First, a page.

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Trump Denies Telling Military Widow That Her Fallen Soldier Husband 'Knew What He Signed Up For'& Claims Dem Congresswoman 'Fabricated' Statement

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President Donald Trump denied on Wednesday (via Twitter) that he once told the widow of fallen soldier Sgt. La David Johnson, who was killed in an ambush in Niger, that Johnson “knew what he signed up for, but I guess it still hurts,” CNN reports, adding that he believed Florida Representative Frederica Wilson made the comments up. 

Trump said Wilson “totally fabricated” his remarks to Johnson’s widow, Myeshia Johnson, adding that he had proof but, according to CNN, did not provide that proof.  

According to ABC News, Sgt. Johnson was on a joint patrol on October 4 with U.S. and Nigerian forces when he, along with three other soldiers, was killed in an ambush by militants supposedly connected to ISIS. Wilson said that she was in the car with Johnson Tuesday afternoon on the way to Miami International Airport to receive the body of the fallen Sgt. when Trump called.

In an interview with “CNN Tonight” on Tuesday evening, Wilson claimed, “Basically, [the president] said, 'Well, I guess he knew what he signed up for, but I guess it still hurt.'"

When asked by CNN affiliate WPLG if Wilson was sure that that was what she had heard the president say, Wilson responded, “Yeah, he said that. You know ... that is something that you can say in a conversation, but you shouldn't say that to a grieving widow. Everyone knows when you go to war you could possibly not come back alive, but you don't remind a grieving widow of that. That is so insensitive. So insensitive.”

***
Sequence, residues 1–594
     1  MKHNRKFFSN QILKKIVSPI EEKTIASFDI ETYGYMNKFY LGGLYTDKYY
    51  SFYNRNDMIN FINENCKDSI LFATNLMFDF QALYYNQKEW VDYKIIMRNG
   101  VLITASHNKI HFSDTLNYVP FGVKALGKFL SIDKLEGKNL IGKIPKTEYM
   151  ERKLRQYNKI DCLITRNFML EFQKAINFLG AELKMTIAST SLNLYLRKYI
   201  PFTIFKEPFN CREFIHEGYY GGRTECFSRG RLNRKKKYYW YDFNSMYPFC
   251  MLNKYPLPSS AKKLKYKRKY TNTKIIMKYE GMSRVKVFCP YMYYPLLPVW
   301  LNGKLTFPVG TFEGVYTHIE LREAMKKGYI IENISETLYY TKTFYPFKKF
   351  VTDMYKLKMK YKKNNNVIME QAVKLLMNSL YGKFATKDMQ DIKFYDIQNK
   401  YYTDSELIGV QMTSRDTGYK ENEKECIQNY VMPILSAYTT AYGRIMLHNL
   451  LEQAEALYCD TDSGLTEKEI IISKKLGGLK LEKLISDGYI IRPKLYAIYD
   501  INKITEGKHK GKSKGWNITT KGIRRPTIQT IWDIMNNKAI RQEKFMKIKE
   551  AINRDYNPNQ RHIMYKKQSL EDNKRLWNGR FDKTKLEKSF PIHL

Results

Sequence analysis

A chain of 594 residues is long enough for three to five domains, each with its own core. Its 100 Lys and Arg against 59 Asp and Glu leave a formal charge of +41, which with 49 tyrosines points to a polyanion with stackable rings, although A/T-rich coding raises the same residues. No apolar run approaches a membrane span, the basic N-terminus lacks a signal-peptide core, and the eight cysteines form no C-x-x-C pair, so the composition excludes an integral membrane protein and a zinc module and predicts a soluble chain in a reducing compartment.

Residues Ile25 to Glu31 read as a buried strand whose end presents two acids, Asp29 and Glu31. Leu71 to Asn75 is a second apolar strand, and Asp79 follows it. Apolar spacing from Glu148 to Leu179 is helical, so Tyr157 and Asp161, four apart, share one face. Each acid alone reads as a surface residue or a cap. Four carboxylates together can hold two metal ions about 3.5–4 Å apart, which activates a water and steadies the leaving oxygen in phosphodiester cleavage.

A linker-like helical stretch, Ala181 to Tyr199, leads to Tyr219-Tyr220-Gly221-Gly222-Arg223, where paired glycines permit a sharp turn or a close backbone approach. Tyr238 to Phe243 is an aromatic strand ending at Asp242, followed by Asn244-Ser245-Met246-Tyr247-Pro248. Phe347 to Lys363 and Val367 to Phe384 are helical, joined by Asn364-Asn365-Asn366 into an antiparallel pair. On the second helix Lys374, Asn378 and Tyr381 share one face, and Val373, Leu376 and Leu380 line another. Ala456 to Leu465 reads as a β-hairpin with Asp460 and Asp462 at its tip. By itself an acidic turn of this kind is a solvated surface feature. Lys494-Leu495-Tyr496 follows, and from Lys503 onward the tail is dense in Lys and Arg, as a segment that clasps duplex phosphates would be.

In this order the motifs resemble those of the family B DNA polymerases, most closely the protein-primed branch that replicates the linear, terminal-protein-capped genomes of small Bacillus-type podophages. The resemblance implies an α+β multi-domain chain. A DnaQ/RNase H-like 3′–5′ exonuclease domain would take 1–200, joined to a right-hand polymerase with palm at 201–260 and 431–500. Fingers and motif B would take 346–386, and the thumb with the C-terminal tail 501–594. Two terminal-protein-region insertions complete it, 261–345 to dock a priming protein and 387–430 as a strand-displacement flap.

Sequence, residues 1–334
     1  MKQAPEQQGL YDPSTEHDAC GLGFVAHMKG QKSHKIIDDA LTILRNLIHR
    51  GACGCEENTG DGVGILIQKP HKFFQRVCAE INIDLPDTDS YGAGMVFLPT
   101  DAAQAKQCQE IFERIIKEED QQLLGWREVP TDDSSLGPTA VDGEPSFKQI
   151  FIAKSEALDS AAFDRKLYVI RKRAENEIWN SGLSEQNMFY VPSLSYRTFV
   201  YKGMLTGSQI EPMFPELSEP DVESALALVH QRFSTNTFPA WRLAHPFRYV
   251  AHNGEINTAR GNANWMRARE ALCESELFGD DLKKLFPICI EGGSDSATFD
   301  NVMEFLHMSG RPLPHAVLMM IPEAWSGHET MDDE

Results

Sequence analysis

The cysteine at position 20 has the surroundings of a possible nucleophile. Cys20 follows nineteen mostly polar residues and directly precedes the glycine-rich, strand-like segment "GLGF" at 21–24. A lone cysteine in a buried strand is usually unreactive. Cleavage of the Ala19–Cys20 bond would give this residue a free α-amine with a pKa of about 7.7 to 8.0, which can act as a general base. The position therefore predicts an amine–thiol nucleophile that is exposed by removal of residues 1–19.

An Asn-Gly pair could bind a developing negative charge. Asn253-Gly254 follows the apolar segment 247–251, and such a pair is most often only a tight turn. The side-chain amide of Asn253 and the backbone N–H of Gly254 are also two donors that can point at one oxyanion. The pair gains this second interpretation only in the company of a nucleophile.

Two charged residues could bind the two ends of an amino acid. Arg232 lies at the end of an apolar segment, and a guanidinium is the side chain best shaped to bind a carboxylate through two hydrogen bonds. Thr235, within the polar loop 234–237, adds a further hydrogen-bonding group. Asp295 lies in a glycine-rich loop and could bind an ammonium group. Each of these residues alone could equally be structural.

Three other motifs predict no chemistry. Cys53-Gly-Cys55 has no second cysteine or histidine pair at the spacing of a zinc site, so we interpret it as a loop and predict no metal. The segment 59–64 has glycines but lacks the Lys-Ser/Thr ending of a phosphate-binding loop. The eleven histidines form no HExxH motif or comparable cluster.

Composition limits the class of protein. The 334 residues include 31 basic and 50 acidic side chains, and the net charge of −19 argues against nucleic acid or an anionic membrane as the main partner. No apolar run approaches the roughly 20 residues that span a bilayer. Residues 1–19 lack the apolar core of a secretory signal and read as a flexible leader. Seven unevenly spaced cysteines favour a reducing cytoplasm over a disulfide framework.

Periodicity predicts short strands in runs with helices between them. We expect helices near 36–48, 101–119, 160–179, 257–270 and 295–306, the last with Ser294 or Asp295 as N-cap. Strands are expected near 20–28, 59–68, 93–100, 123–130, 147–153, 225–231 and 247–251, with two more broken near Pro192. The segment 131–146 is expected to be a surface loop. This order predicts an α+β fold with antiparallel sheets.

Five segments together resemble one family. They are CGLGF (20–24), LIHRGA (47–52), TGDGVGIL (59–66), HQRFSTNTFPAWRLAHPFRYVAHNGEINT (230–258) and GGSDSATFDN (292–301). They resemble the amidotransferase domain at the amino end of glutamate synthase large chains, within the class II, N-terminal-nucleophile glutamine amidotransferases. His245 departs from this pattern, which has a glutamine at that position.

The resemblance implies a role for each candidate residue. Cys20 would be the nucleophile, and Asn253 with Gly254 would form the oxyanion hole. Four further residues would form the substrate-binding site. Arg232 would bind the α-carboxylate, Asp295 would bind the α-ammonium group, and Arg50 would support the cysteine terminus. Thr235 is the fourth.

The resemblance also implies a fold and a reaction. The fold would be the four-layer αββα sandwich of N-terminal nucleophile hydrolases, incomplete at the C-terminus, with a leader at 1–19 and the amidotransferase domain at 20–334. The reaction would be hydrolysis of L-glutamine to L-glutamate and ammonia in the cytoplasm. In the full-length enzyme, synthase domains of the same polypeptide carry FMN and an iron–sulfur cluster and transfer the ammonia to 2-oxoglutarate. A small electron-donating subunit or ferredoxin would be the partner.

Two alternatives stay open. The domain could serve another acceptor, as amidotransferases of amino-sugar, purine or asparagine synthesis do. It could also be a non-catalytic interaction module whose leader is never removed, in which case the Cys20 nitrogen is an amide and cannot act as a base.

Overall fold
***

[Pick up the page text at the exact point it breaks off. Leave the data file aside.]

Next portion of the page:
Wilson repeated that the comments were not in-line with what the POTUS should be saying. 

“That is what stood out in everyone's heart,” Wilson added. “You don't say that. He is the President of the United States. This is a soldier who gave his life for his country. He is a hero in our minds, in our community's minds. That is an insult to the entire Miami Gardens community, to the entire District 24, to Miami-Dade County and to this nation. And I hope he didn't say that to the other three families.”

Wilson told CNN's Alisyn Camerota on “New Day,” that she has  “no reason to lie [about] the President of the United States with a dead soldier in my community. I have no time, I have no motive.”

According to ABC News, Wilson said that she was “livid” when she heard Trump’s comments over speakerphone. “I asked them to give me the phone because I wanted to speak with him," Wilson said. "And I was going to curse him out. That was my reaction at that time. I was livid. But they would not give me the phone.” Overall, Wilson thought that Trump’s comments were “extremely insensitive” and “a disgrace.”

The controversy came only a day after Trump claimed that past presidents did not reach out to the families of fallen soldiers.

“If you look at President [Barack] Obama and other presidents, most of them didn't make calls. A lot of them didn't make calls. I like to call when it's appropriate, when I think I am able to do it,” Trump said on Monday. “They have made the ultimate sacrifice. So generally I would say that I like to call. I'm going to be calling them. I want a little time to pass. I'm going to be calling them.”

In an interview with Fox News Radio on Tuesday, Trump said, “As far as other presidents, I don't know, you could ask Gen. Kelly, did he get a call from Obama? I don't know what Obama's policy was." Kelly’s son was killed while serving in Afghanistan in 2010.

The White House declined to comment on the remarks now associated with Trump. “The president's conversations with the families of American heroes who have made the ultimate sacrifice are private,” a White House official told ABC News.

 

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